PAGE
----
Something about questions…
A question I often ask the artists I interview is “What decision has had the most impact on your arts career?”
My answer would be a poetry workshop I took in 1996 in Chicago. I lived in an artist’s building, and I’d seen the flier advertising a “YMCA Writer’s Voice poetry workshop with Maureen Seaton” for days and days and days. I, of course, waited till the very last day to apply and had to send my application via Fed-Ex. I had just been rejected by three graduate creative writing programs (I mistakenly thought you went to school to learn how to write), and I wasn’t even sure what a poetry workshop was.
In that workshop I met the wonderful women who would become not only my writing group but my lifelong friends. I’ve noticed that younger siblings are always chasing after their older siblings trying to do what the older brother or sister is doing. Younger siblings seem to walk at an earlier age, talk at an earlier age, all in service of keeping up. And that’s how it was for me with the Divas ( a name given to us by Maureen Seaton when she suggested we form a writing group together). I sent out work and gave readings and applied for workshops despite my limited experience with actually studying poetry because that’s what they did. Without their pushing and prodding and fearless examples, I never would’ve applied to the Fine Art Works Center program, a fellowship I still can’t really believe I won on the first try.
In that workshop I also, of course, met the wonderful Maureen Seaton who gave me the best advice I’d ever received about reading poetry: “You don’t have to understand it. Take what you can from a poem—a line, the sound, an image. It’s okay to not “get” everything all at once.” That gave me immense freedom to become not just a better reader of poetry but a better writer of poetry. Her fingerprints are all over me in other ways: she introduced me to Joy Harjo and Denise Duhamel, who made me fall in love with anaphora and list poems of all kind. She introduced me to the idea of collage, to “English-to-English” translation, to prose sonnets—all of which remain part of my writing vocabulary.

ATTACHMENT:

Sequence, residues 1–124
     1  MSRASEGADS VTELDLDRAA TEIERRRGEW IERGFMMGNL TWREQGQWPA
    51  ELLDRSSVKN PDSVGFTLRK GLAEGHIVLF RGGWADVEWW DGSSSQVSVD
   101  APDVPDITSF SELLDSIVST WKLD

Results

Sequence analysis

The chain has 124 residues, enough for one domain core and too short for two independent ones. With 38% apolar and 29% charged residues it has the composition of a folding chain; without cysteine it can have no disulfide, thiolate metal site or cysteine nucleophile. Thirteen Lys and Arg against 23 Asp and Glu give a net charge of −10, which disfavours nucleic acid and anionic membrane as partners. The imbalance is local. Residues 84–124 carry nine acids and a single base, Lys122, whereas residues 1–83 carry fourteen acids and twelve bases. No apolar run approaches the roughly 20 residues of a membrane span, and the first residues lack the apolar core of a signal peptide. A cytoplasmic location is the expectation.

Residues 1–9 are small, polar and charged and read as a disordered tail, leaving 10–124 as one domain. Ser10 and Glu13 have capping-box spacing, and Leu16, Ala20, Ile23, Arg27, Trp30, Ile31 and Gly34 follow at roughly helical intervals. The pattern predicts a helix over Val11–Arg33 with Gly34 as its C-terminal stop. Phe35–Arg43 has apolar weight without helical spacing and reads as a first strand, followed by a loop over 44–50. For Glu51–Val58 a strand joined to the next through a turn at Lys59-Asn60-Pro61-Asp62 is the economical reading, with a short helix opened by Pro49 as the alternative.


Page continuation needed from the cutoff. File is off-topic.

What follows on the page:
When I was working on Folio (the literary magazine at American University), I interviewed Maureen over lunch at my now long-gone favorite teahouse in Chicago. It was just a few months after the 2001 terrorist attacks, and I asked her why people turn to poetry in the face of tragedy. Here’s what she said:
I think poetry is really close to the spirit. Poems can almost serve as ritual or worship, I think. I asked my students in my beginning poetry class on Wednesday why they write. We had just listened to a very depressing song that one of my students had brought in. It was a great class, but everyone was very sad, so I asked the question just as a way to turn the energy a little. I didn’t want that sadness to go away because I think that’s a very important energy to feel, but I wanted them to leave knowing that there’s more than just this sadness in the world right now. So I asked them to say in just one word why they write poetry. As each one answered—there are 16 students in the class—to me it sounded like I could have said to them, “Why do you go on living?” It’s sort of connected with the spirit and with life.
I was trying to think if they were a group of novelists if I would even have thought to ask them that question. To me, poetry—I won’t say it’s a replacement for spirituality—it is people’s spirituality or it’s in addition to spirituality. It comforts, consoles, nurtures. It does all the things that God can do, that people lean on God for.* I always feel that I’m so lucky to be teaching poetry as well as getting to write it, but the teaching feels like a way to bring a spiritual dimension to people’s lives. And my poetry’s not spiritual necessarily. It is not connected with God. But there’s a spirit among humans. I think how am I to other humans? And then to some other hting, too, some power somewhere, the Universe, whatever. My students all got this kind of spiritual look on their faces and all came out with these amazing words—from the 17-year-olds to the 32-year-olds. They even seemed transformed just answering the question; they took it very seriously.
* I’m a little uncomfortable with this particular sentence, the idea of poetry taking the place of God. I think, instead, that poetry is—or can be—an act of worship, even if God is not explicit in a particular poem. Your thoughts?